When the 2020 Labor Day Fires torched more than 300,000 hectares over the span of two weeks in parts of western Oregon and Washington, they devastated communities and put the threat of west-side fires squarely into focus. A new study led by the USDA Forest Service’s Pacific Northwest Research Station examines the context surrounding the fires and offers insight into the historical role of large, high-severity fires—and the future of wildfires—west of the Cascades.
"Without a doubt, the 2020 Labor Day Fires were a significant fire event on many levels, and one that was a wake-up call for the region,” said Matthew Reilly, research forester and lead author of the study, which is published in the journal Ecosphere. “The goal of our study was to help understand how this event compared to past west-side fires so that we can help inform adaptation strategies aimed at preventing or mitigating similar events in the future.”
Drawing from a literature review, extensive historical data, and new analysis, Reilly and his co-authors explored five questions surrounding the 2020 Labor Day Fires: how the 2020 fires compared with historical fires in the region, the role of weather and climate, the effects of forest management and pre-fire forest structure on burn severity, the impacts of these fires on west-side landscapes, and what can be done to adapt to similar fires in the future. Ultimately, they found that the 2020 fires were remarkably consistent with historical fires on the west side, both in terms of their timing and size and the cause of their rapid spread—dry conditions combined with strong east winds.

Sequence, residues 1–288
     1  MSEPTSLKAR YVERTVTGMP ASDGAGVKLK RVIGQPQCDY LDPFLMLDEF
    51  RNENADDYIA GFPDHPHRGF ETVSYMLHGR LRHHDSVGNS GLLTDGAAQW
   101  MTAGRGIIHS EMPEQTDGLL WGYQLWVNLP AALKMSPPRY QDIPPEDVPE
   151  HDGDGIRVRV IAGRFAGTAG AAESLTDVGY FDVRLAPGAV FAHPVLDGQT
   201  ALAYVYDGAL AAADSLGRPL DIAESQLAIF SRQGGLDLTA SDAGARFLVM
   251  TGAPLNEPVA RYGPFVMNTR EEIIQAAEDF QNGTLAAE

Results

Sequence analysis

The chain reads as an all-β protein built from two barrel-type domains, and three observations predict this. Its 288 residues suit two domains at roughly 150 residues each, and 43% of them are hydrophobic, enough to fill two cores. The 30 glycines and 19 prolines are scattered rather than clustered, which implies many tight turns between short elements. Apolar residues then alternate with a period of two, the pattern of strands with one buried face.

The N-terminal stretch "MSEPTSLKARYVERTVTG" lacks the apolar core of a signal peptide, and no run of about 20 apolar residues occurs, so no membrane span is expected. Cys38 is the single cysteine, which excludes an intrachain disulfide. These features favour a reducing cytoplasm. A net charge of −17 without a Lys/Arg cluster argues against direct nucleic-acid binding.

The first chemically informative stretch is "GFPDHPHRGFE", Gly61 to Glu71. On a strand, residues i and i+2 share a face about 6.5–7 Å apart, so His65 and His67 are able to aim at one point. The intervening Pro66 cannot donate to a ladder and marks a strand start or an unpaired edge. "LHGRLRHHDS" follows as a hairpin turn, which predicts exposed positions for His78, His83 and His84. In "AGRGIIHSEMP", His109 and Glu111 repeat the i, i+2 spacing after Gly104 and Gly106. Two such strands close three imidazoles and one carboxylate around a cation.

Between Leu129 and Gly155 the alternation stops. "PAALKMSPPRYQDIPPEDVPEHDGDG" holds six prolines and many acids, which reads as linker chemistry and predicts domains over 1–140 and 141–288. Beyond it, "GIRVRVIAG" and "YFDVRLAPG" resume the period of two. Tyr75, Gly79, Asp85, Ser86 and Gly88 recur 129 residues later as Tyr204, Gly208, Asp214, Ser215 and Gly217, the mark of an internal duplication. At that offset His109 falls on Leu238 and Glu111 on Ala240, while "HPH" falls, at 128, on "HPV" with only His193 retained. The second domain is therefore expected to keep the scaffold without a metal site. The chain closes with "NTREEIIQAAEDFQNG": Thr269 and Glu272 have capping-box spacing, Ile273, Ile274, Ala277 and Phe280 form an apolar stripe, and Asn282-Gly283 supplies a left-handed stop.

“Our findings suggest that these severe fires are normal for west-side landscapes when you look at historical fire regimes at longer time scales,” Reilly said. In fact, the researchers identified similarly large historical fires in the early 20th century under similar weather conditions—some even burning right around Labor Day—in some of the same locations that burned in 2020.
Because of the abundant and productive forests characteristic of the west side and the driving role of extreme winds, conventional fire management tools used in dry forests, like prescribed burning and fuels management, will likely be less effective in west-side forests than they are on the east side. This is particularly the case, their study found, when fire weather conditions are as extreme as those witnessed during the 2020 fires.
“Our study indicates we need very different approaches and adaptation strategies in west-side forests compared to those we use in dry forests,” Reilly said.
The study was conducted as part of the Pacific Northwest Research Station’s ongoing West-side Fire Research Initiative, which was launched in 2019 to develop science-based tools to help resource managers respond to wildfire risk in west-side forests. The study’s coauthors are from the Washington State Department of Natural Resources, University of Washington, Oregon State University, and USDA Forest Service’s Pacific Northwest Region.
- The 2020 Labor Day Fires were much larger and more severe than others in the recent record, but they were remarkably consistent with many historical fires. Strong east winds and dry conditions are the common denominators in both large historical fires of the past and the 2020 fires.
- Forest management and fuel treatments are unlikely to influence fire severity in the most extreme wind-driven fires, like the 2020 Labor Day Fires. Pre-fire forest structure, largely the result of previous forest management activities, had little effect on burn severity when east winds were strong during the 2020 fires.
- Fuel treatments around homes and infrastructure may still be beneficial under low and moderate fire-weather conditions.
- Adaptation strategies for similar fires in the future in west-side communities might, instead, focus on ignition prevention, fire suppression, and community preparedness.
Subject of Research
Cascadia Burning: The historic, but not historically unprecedented, 2020 wildfires in the Pacific Northwest, USA
Article Publication Date